Julian Gough

Times are strange for Julian Gough. The London-born, Galway-bred author spent seven years trying to revolutionise the novel with his ambitious Jude, ending up homeless with no money and no publisher. He then won the National Short Story Prize 2007 for The Orphan and the Mob, which became the prologue to Jude.

The odds seemed stacked against Gough, competing against esteemed writers such as Hanif Kureishi and Jackie Kay: “I was the youngest writer, with the youngest agent and the youngest publisher, and an incredibly rude story. I was absolutely certain I wouldn’t win.” After this surprise, Jude: Level 1 was published in July. Levels 2 and 3 appear, as instalments on the Internet and all three levels will be published next year in hardback form. “It’s a weird novel, so it’s being published in a weird way,” says Gough, “It’s structured more like a computer game than a classic Booker-type literary novel. The three levels are increasing­­­­­­­­ly challeng­ing.”

The winning story introduces Jude, the novel’s protagonist — a Tipperary orphan — on the day of his 18th birthday. Throughout the novel he gains a second penis, falls in love, solves the secret of his identity and, in the manner of a Greek myth, fulfils his destiny. Gough’s preoccupation with the Greeks at the time of Aristophanes comes across in his writing, echoing the belief that comedy is superior to tragedy, being the Gods’ view. That is not to say that Jude is not a serious novel; it is deeply humorous, but Gough is deadly serious in his writing. He was worried about the implications of a BBC radio adaptation of The Orphan and the Mob, knowing it would have to be censored and severely abridged to fit into the thirty-minute time slot, “But I was totally won over by the result. Radio isn’t a sheet of paper. It was going to be different anyway. I like the BBC version a lot. And it’s brought a lot of people to the book, where the story is uncut and as rude as ever.”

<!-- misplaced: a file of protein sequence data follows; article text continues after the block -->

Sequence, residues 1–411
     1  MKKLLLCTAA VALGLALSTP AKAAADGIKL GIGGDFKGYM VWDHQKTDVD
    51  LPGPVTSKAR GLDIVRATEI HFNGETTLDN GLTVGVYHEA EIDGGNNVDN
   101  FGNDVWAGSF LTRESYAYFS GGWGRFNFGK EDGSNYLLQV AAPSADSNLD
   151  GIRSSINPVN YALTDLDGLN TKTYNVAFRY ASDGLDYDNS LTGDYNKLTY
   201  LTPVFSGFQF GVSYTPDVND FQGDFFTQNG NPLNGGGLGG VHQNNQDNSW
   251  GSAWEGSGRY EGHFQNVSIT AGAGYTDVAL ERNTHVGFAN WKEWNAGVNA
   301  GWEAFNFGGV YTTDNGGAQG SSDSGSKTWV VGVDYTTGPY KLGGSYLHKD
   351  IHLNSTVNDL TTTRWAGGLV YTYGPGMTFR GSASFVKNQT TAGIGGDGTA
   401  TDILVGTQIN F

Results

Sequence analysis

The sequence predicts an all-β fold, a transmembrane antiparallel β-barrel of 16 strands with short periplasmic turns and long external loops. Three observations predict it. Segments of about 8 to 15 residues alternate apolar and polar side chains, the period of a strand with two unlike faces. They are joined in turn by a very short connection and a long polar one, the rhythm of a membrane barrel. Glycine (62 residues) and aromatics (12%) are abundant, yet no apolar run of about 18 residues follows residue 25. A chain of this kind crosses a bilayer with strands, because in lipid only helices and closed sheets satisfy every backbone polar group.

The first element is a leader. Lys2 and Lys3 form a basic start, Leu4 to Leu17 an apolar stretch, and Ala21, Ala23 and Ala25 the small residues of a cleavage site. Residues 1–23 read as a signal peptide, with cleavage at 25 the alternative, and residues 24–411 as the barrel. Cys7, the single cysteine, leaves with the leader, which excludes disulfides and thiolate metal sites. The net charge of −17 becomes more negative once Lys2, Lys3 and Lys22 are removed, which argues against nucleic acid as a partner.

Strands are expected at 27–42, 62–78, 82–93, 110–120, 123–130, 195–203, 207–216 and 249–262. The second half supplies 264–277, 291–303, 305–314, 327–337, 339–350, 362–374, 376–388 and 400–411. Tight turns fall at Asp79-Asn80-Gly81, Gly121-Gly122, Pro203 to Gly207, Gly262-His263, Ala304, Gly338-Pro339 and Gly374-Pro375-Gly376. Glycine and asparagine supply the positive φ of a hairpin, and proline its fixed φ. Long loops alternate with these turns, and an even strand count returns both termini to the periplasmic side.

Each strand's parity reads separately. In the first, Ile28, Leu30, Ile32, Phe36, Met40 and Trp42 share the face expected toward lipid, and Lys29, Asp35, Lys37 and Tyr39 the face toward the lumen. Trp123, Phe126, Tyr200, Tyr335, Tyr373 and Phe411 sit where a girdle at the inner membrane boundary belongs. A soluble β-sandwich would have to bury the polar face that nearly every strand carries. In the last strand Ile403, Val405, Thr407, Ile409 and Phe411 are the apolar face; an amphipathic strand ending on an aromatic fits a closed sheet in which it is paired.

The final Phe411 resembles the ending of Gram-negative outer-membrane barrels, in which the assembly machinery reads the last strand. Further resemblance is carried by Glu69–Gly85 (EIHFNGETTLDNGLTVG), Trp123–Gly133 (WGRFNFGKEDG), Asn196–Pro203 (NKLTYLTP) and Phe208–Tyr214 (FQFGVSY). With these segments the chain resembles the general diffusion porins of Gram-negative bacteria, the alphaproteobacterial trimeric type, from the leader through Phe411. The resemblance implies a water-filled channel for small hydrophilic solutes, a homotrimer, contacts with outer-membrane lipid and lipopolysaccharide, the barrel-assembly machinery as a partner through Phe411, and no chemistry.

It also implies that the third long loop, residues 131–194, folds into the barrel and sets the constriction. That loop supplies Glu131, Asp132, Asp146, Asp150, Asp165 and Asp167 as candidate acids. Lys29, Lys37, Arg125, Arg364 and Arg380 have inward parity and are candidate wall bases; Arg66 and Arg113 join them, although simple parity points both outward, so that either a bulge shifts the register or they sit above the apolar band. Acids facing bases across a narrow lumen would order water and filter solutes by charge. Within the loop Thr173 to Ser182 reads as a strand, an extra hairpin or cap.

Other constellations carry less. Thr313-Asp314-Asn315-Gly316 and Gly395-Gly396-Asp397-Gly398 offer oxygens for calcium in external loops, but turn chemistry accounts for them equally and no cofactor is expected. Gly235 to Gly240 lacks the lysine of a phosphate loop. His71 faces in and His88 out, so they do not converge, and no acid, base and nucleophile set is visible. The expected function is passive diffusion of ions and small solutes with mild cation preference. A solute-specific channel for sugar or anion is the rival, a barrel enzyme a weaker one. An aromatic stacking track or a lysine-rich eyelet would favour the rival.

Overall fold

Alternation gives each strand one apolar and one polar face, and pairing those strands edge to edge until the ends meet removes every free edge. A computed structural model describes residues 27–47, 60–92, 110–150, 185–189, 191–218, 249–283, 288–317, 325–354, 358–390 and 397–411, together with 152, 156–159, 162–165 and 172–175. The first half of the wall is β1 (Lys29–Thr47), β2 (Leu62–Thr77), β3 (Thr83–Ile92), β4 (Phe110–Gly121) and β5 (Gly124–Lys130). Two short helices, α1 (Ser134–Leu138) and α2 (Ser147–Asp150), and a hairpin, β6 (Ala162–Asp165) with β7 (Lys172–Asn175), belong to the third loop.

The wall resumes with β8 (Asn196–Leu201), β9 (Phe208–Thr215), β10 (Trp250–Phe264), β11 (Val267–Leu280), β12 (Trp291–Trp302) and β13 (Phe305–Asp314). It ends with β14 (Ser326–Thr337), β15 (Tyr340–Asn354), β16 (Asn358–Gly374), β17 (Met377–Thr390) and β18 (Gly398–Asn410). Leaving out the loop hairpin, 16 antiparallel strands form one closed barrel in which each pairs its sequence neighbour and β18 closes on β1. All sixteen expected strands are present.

Gough stepped back from Jude to write The Orphan and the Mob as he felt it made the novel balance better. As a 21st Century take on myth, he wanted the novel to have an early scene where the orphan is perfectly happy but is forced into exile from his happy home: “Once I realised I was writing an epic myth for the third millennium, I realised I needed a classical prologue.” Gough set up his own website and runs it on his own. It is interactive, allowing readers to discuss Gough’s writing on message boards. “It’s a useful way of talking more directly to readers and friends than I can through the filters of the media. I write all my fiction longhand, with a pen, in fetishistically chosen notebooks, so I could very easily get disconnected from what is going on. The website helps me avoid that fate.”

Gough’s writing is both beautiful and humorous, striving for originality more than many contemporary writers: “I wanted to write the novel that only I could write, and after that it was in the fist of the indifferent Gods as to whether anyone would like it or want to publish it.” It is fitting that Gough’s own story should be one of mythic proportions. Having spent a penniless summer in France and concerned about what the winter would hold without a proper wood-burning stove, Old Street Publishing decided to publish Jude. A brand new company, Old Street are now being rewarded for this brave action since The Orphan and the Mob won the highly prestigious prize, creating more interest in the novel as a whole. With his inventive approach to publishing and disregard for literary conventions, Gough has written an epic novel for the 21st Century, which, truly, no one else could have written.

Alexis Somerville